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From Alex Harui <aha...@adobe.com.INVALID>
Subject Re: Apache 2.0 License with LLVM Exceptions
Date Thu, 07 Nov 2019 18:01:47 GMT
Interesting question.  I thought it was established that tool output was not licensed by the
tool's license, but I can't find that in Google right now, and GCC/GNU took the time to create
an exception to make it more explicit:  https://www.gnu.org/licenses/gcc-exception-3.1.html

If I use MS Word to write a document, the document is not under MS's license, but maybe that
is explicitly called out in their EULA.  Same for Adobe Acrobat and PDF files.

Apache Flex and Royale have compilers.  I don't recall any explicit exception in Adobe's EULA
for Flex.   So if it turns out tool output needs explicit exceptions then we might need them
for Flex and Royale.  It could be that I've always thought of compiled output as a translation
(In fact, Royale's compiler 'transpiles' from ActionScript to JavaScript, so not a binary
output), and AIUI, translations are copyright the original owner.


´╗┐On 11/7/19, 7:25 AM, "Christopher Schultz" <chris@christopherschultz.net> wrote:

    On 11/7/19 10:04, William A Rowe Jr wrote:
    > First off, interesting news of yet another successful external project 
    > (one used by many developers at the ASF) who have migrated to the 
    > Apache License; http://llvm.org/docs/DeveloperPolicy.html#relicensing 
    > What I found interesting are their two additional clauses to purportedly 
    > make a "more" open flavor of the AL 2.0? I'd be interested in the thoughts
    > of our licensing and legal minds as to the usefulness and practicality.
    > Note I don't see the ASF releasing software itself with such exceptions.
    > And kudos to the LLVM community for clearly not calling their exceptions
    > an Apache License.
    > ---- LLVM Exceptions to the Apache 2.0 License ----
    > As an exception, if, as a result of your compiling your source code,
    > portions
    > of this Software are embedded into an Object form of such source code, you
    > may redistribute such embedded portions in such Object form without
    > complying
    > with the conditions of Sections 4(a), 4(b) and 4(d) of the License.
    > In addition, if you combine or link compiled forms of this Software with
    > software that is licensed under the GPLv2 ("Combined Software") and if a
    > court of competent jurisdiction determines that the patent provision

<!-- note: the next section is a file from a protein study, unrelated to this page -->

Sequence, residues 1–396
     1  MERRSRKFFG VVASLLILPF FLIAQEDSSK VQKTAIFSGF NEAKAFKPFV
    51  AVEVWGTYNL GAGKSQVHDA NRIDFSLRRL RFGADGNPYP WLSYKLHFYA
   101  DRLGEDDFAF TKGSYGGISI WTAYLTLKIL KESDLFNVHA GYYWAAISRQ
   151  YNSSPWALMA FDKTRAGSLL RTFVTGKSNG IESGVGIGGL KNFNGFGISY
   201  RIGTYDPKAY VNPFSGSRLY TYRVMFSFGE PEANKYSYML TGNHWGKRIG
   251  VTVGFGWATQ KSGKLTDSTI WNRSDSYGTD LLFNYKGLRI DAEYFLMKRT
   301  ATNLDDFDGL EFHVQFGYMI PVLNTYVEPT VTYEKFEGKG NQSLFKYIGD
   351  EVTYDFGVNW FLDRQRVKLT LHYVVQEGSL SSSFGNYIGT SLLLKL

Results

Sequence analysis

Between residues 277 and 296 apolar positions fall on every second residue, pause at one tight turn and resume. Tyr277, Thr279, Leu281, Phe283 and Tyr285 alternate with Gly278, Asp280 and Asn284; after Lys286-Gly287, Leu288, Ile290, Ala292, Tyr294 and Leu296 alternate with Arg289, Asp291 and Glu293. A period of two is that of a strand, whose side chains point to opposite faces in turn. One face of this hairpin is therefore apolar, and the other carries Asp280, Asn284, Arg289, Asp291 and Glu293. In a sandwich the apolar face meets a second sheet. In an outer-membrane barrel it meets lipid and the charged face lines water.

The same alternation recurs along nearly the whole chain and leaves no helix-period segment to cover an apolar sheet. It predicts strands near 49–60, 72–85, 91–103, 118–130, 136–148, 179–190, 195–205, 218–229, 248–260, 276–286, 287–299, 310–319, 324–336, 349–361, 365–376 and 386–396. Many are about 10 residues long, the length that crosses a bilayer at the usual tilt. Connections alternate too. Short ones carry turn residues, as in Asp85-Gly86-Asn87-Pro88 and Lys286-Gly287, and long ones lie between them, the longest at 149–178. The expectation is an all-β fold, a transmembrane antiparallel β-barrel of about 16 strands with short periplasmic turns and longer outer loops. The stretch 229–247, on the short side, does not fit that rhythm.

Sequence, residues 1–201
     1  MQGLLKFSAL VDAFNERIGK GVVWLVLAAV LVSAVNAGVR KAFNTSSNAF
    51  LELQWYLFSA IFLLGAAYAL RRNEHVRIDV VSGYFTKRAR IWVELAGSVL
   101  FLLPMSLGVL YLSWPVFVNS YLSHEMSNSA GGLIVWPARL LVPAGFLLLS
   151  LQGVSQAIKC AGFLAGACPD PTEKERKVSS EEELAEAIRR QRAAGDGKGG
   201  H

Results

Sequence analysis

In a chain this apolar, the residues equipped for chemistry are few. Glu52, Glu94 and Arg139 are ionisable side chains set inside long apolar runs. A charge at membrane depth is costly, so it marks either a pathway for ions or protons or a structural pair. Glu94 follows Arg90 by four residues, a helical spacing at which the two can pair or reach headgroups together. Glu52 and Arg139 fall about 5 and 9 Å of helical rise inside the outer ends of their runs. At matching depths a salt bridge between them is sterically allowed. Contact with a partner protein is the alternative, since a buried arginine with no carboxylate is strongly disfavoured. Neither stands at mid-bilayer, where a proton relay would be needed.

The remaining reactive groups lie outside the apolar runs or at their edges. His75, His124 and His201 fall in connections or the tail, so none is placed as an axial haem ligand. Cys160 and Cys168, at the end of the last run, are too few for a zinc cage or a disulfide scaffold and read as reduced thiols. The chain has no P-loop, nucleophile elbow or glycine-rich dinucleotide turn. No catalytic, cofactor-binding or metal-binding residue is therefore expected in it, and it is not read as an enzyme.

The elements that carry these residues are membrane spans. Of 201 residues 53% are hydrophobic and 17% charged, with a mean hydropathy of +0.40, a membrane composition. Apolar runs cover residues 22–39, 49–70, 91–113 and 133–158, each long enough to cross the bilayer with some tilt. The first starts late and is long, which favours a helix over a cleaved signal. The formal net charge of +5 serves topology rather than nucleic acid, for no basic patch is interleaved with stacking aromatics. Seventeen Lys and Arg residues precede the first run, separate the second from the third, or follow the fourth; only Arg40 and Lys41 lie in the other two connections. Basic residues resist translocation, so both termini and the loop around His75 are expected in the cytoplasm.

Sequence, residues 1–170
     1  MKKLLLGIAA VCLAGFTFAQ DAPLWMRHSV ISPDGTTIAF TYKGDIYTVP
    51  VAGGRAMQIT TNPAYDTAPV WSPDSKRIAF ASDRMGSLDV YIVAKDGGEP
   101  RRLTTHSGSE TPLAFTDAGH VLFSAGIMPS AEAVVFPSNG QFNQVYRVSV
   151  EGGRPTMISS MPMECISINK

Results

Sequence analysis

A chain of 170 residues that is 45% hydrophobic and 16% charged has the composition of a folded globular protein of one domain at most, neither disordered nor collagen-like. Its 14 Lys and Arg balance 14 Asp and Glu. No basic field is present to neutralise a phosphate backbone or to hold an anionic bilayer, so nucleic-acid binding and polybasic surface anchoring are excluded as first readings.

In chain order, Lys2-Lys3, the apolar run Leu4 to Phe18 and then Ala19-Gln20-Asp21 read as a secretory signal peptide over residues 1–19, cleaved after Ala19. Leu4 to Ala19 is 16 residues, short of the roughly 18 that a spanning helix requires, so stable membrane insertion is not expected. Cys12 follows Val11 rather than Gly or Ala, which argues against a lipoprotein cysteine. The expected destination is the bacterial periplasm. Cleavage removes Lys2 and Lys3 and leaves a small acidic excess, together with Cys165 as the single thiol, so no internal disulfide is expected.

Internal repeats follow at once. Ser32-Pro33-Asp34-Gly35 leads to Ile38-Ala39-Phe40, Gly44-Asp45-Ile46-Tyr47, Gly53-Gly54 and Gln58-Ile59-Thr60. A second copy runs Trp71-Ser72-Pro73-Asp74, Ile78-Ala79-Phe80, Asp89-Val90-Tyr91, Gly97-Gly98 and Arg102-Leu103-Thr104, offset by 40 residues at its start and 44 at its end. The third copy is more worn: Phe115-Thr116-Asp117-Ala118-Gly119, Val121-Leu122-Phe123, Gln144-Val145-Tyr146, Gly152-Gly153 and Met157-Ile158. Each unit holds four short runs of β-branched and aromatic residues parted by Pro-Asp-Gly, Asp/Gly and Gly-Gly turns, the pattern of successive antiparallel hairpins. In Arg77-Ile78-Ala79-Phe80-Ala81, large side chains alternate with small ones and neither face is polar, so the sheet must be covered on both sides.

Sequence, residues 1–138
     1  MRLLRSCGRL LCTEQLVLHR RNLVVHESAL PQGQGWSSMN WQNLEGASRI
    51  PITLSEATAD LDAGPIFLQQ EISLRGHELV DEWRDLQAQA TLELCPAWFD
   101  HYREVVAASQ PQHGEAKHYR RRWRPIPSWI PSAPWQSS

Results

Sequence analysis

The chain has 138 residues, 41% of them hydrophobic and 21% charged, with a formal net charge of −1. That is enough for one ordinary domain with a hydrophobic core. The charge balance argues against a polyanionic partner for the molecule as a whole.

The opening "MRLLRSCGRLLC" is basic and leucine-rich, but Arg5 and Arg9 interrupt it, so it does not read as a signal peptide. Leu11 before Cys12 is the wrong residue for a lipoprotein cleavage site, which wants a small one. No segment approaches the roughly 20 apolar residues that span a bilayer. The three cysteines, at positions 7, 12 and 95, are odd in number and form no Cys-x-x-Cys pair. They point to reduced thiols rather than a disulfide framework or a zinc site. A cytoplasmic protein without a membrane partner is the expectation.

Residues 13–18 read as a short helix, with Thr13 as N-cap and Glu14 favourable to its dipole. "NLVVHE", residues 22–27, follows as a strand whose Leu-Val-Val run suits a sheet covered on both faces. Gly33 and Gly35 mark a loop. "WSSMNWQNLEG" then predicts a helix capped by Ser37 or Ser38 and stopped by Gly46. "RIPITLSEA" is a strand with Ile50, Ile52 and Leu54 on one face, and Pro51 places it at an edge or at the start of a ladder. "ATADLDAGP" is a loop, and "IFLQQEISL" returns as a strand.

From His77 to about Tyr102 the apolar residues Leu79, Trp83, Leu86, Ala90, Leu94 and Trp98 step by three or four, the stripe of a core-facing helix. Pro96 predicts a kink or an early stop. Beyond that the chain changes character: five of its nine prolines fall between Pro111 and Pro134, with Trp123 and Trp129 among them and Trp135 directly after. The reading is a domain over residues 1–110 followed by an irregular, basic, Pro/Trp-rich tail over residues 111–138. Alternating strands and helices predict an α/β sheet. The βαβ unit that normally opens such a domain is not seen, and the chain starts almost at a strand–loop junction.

> (Section
    > 3), the indemnity provision (Section 9) or other Section of the License
    > conflicts with the conditions of the GPLv2, you may retroactively and
    > prospectively choose to deem waived or otherwise exclude such Section(s) of
    > the License, but only in their entirety and only with respect to the
    > Combined
    > Software.
    +1 to the kudos, here.
    IANAL, but I would expect that the LLVM folks have applied the following
    1. LLVM is a compiler (well...)
    2. Compilers take input and produce output which is executable
    3. That generated code is necessarily ... part of the compiler itself
    4. Therefore, output of the compiler is ... partially the compiler
    itself (at least as far as licensing is concerned)
    Ergo, the exception that object code is essentially freed of the
    requirements of the compiler's license (e.g. LICENSE file, etc.).
    This isn't code that just runs ephemerally like httpd, OpenOffice, or
    Tika. Projects which generate files like PDF, Office docs, etc. are
    working with file types which are covered under other licenses e.g. MS,
    Adobe, OpenDocument/OSASIS, public-domain (e.g. plain-text, CSV) and so on.
    If Apache OpenOffice defined its own document format, it would have to
    license the file format in some way to users, and it wouldn't be
    practical to require one of the following:
    a. Every ApacheOpenOfficeDocument file shall contain a copy of the AL2
    license (text).
    b. Every ApacheOpenOfficeDocument file shall be accompanied by a copy of
    the AL2 license (file).
    So I see a parallel with what LLVM has done. They are essentially
    claiming -- or, more strongly, PROMISING -- that the output of their
    compiler (which contains "parts" of the compiler) are necessarily freed
    from the license of the compiler itself.
    This really makes me (re)consider the Java compiler. It's a piece of
    code with a license (OpenJDK=GPL) and it produces .class files which are
    specific to the Java Virtual Machine. I can't find a license anywhere
    for bytecode, but presumably Sun/Oracle have it under some license. They
    would have sued Google for appropriating JVM bytecode had it not been a
    permissive license. The runtime API is another matter, but LLVM
    (usually) produces standalone binaries, not something that gets run in a
    licensed-runtime like Java.

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